Frequently Asked Questions About Celiac Disease & Living Gluten Free
Gluten Free Journey strives to provide helpful information for celiac disease, those affected by living gluten free, and within the field of celiac disease.
Below we have gathered many of the frequently asked questions about celiac disease and living gluten free, plus some helpful answers along the way.
Don’t forget to check out our latest gluten free recipes, Celiac Disease resources and our online Gluten Free Shop which continues to offer more gluten free treats, accessories, kitchen equipment and more!
Frequently Asked Questions
Questions About Celiac Disease
Celiac disease is a serious, genetic autoimmune disease in which the ingestion of gluten leads to damage in the small intestine.
Gluten is a protein found in wheat, barley, and rye. It is primarily made up of two other proteins—gliadin and glutenin.
While the exact cause is currently unknown, experts generally agree there are three things required to trigger celiac disease:
- genetic predisposition
- an overly responsive immune system
- and environmental triggers
Environmental triggers can include when—and how much—gluten is introduced into the diet, traumatic/stressful events, and other factors. More research is needed to determine how big of a role environmental factors play in triggering celiac disease.
A simple blood test is the first step in diagnosing celiac disease.
A positive blood test is then followed by an endoscopic biopsy to confirm the diagnosis.
People with celiac disease who eat gluten have higher than normal levels of certain antibodies in their blood. These antibodies are produced by the immune system because it views gluten (the proteins found in wheat, rye and barley) as a threat.
Celiac disease affects everyone differently.
Over 200 symptoms related to celiac disease have been identified.
Symptoms may occur in the digestive system or in other parts of the body.
In classical celiac disease, patients have signs and symptoms of malabsorption, including diarrhea, steatorrhea (pale, foul-smelling, fatty stools), and weight loss or growth failure in children.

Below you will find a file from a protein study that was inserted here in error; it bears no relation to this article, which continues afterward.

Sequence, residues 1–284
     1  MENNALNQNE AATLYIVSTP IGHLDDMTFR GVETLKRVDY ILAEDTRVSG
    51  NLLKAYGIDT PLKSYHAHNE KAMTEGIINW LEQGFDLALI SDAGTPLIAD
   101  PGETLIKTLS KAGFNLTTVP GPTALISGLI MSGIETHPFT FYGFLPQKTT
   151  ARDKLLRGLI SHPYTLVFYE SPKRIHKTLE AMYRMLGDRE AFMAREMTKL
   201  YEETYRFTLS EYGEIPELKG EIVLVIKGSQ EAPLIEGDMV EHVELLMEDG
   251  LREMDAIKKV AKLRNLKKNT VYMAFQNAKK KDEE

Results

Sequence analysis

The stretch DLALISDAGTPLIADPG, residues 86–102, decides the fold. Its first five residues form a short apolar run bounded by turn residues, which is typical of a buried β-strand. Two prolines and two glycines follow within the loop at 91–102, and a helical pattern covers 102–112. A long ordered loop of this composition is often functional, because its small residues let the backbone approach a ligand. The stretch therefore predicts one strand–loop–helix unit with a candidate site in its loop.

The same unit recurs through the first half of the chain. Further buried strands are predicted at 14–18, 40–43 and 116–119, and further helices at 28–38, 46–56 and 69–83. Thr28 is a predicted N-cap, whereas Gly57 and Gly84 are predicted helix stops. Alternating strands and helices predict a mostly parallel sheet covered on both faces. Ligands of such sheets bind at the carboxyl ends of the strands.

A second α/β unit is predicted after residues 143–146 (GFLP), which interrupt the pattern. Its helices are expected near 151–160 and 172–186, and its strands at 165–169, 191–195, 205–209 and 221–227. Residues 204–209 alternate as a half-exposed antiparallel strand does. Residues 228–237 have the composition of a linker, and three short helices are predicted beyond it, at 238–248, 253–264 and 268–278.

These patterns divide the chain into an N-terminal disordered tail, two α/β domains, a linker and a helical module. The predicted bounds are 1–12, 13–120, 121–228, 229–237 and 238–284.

In non-classical celiac disease, patients may have mild gastrointestinal symptoms without clear signs of malabsorption or may have seemingly unrelated symptoms, such as anemia, difficulty losing weight, fatigue, and chronic migraine.
In asymptomatic celiac disease, patients test positive for celiac disease, but do not complain of any symptoms.
Sorry, but the answer is no.
Even if symptoms don’t appear, the ingestion of gluten still damages the intestines and also increases your risk for various complications like cancers and osteoporosis.
It really depends on who you ask this too. We do not recommend the use of shampoos & lotions that contain gluten if you have Celiac Disease.
Gluten must be ingested for it to be cause for concern for someone with celiac disease or dermatitis herpetiformis according to most Celiac Disease Foundations. However, we still recommend you avoid any products that have the potential to be ingested.
Dermatitis herpetiformis (DH), also known as Duhring’s Disease, is a form of celiac disease that results in itchy, blistering skin rashes.
Patients with DH almost always have the same gluten-dependent intestinal damage as celiac disease patients and they must also follow a strict gluten free diet.